Parent support offered through LSNA also includes Friday professional development days conducted by coordinators at each school. Sessions focus on curriculum and school issues, such as how to teach their children math in a fun way and the role of standardized tests, but they also address such issues as domestic violence and community services available to help.

Investment

Investment in the community and education through investment in individual families is the basis of the LSNA’s practical training for parents. The program aims to position parents as leaders, not just followers or participants in the life of their communities. Hong points out that this is something suburban school districts already have, where parents see themselves as advocates, leaders, decision-makers and collaborators in their children’s education. That synergy between families and the school culture already exists in a way it doesn’t in most at-risk communities.

Barrera, who is attending night school to earn her elementary teaching credential, says her children gained an appreciation for education by seeing a parent going back to school and doing homework like they do. Parent empowerment has also extended into other areas of the community. Barrera says parents form committees and meet with the city council to solve problems. For example, in an effort to decrease gang violence in 2009, parents convinced the city government to post surveillance cameras in their neighborhood, which has helped decrease gang activity. Parents have also organized to prevent the closing of a neighborhood elementary school, to get traffic lights near a busy school crossing, and to install evening lights on a dark playground.

Challenges to New Models

Achieving that delicate balance of power between schools and parents can be tricky, says Zrike, who acknowledges that the LSNA program is unique and goes against the grain of traditional school-community relations, which don’t invite deep participation by parents. “It’s the role of the principal to set expectations and boundaries, such as letting parent mentors know the teacher is the person making the decisions in the classroom, and the one in charge when it comes to problems,” he says.

Hong says it shouldn’t be too surprising that schools don’t know how to make the change, because teachers and administrators have never been formally trained in parent engagement techniques.

Programs like LSNA’s summer institute, in which teachers take an immersion course that includes tours of the community and exposure to such organizations as the Boys’ and Girls’ Clubs programs help teachers better understand and, in turn, serve families. “Schools are still repairing damage inflicted by NCLB, which put all of the focus on assessment and accountability and turned away from parent satisfaction,” Zrike says. “Schools need to be clear about what their priorities are, and they need to design activities around parents’ schedules. It’s not culturally sensitive to make them sit in front of a PowerPoint presentation for 45 minutes. We need to go out into local churches and the rest of the community.”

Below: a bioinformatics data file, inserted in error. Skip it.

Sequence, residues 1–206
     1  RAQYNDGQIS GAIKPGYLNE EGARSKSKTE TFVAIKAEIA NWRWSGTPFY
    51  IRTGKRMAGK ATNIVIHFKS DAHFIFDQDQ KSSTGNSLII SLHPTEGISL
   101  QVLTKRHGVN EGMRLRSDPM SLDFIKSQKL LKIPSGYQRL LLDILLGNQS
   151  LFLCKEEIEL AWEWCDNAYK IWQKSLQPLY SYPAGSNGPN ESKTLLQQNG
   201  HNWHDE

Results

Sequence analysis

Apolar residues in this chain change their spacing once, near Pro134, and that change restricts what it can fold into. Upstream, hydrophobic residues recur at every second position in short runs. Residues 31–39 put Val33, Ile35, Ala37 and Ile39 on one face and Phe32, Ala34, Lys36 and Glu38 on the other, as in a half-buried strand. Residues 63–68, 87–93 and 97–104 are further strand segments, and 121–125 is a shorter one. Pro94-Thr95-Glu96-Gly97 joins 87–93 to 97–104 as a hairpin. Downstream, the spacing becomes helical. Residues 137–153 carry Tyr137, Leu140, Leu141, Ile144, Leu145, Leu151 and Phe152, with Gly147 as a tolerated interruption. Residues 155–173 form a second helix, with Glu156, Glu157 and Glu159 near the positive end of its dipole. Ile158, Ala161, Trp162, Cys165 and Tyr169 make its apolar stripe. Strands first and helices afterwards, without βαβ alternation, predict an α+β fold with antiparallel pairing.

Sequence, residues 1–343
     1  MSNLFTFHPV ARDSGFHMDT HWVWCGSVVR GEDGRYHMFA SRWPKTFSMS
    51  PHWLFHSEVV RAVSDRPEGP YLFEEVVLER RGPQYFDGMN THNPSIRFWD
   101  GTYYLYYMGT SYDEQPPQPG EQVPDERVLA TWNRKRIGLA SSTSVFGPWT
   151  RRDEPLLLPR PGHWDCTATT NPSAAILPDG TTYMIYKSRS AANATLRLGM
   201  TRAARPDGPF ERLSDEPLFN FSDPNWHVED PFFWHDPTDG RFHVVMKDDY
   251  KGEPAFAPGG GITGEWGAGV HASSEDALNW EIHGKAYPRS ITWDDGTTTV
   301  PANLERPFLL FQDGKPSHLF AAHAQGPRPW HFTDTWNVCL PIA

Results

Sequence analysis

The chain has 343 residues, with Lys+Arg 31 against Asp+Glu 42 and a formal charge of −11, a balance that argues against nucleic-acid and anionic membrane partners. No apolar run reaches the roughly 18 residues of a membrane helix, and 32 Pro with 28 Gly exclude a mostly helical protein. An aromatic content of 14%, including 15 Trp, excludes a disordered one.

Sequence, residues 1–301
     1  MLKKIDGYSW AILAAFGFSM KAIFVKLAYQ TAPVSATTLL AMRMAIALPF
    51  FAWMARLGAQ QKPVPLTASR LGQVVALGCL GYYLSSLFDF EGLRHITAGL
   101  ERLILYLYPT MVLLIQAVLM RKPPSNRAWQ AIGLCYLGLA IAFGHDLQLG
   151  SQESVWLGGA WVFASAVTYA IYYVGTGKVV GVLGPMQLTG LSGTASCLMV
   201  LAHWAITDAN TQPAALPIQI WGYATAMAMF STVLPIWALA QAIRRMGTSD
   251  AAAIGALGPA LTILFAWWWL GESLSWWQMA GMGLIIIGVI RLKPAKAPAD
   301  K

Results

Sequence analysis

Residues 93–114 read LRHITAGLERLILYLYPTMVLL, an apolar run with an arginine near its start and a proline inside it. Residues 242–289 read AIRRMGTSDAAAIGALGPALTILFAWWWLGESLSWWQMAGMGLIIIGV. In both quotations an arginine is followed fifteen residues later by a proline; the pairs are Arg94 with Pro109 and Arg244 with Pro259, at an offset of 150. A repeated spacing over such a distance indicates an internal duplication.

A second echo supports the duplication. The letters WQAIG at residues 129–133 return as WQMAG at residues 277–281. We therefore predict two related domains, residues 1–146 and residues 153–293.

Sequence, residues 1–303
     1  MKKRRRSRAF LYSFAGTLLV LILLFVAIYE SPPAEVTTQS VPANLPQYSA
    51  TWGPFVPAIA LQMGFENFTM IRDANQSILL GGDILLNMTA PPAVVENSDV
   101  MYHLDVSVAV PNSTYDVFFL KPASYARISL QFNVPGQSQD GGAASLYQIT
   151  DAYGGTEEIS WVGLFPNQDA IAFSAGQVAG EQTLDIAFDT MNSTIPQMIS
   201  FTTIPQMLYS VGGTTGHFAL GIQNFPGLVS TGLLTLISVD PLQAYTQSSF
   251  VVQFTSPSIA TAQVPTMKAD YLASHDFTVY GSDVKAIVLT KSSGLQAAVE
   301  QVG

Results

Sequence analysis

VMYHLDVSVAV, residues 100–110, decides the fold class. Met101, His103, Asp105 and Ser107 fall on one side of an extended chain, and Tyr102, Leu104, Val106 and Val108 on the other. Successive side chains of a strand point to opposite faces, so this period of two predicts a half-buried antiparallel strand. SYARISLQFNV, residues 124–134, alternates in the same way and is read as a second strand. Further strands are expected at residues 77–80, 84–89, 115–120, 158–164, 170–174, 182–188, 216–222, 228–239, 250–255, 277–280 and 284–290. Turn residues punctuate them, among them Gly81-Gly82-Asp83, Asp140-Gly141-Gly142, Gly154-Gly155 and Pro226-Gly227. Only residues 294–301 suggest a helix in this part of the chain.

Replicating the LSNA Model

Marilyn Price-Mitchell, co-founder and president of the 15-year-old National ParentNet Association, a nonprofit organization that supplies structure for communities to communicate and problem solve, and Linda Serrato, deputy communications director of Parent Revolution, stress that parent engagement programs are far from one-size-fits-all and that each must be responsive to its individual community’s particular needs and goals. Parent Revolution, which has expanded beyond the LAUSD to include other districts in the state, focuses on empowering parents through parent unions, which provide organizational training in techniques such as how to run a meeting and keep a firm commitment.

Price-Mitchell says that global competition has created a new urgency for fully engaged parents. Her organization shares with LSNA the goal of striving to create more effective parents. ParentNet offers a range of resources on its Web site and provides a parent engagement starter kit, which includes a training manual and DVD on how to organize parents and keep them educated about school programs.

Changing Ingrained Attitudes

“The farther away people are from the LSNA program, the more it may seem like a lot to ask of teachers,” says Hong, who’s seen principals go from adamantly opposing the program to acceptance.. “But the closer you get, the more you realize it’s not more work for teachers and administrators.”

The secret of LSNA’s long-term success, says Zrike, lies in the fact that parents are really heard. “They have a sense of purpose, and they’ve been given the tools and the education to assume leadership roles in schools and the community.”

Susan McLester is a contributor for District Administration.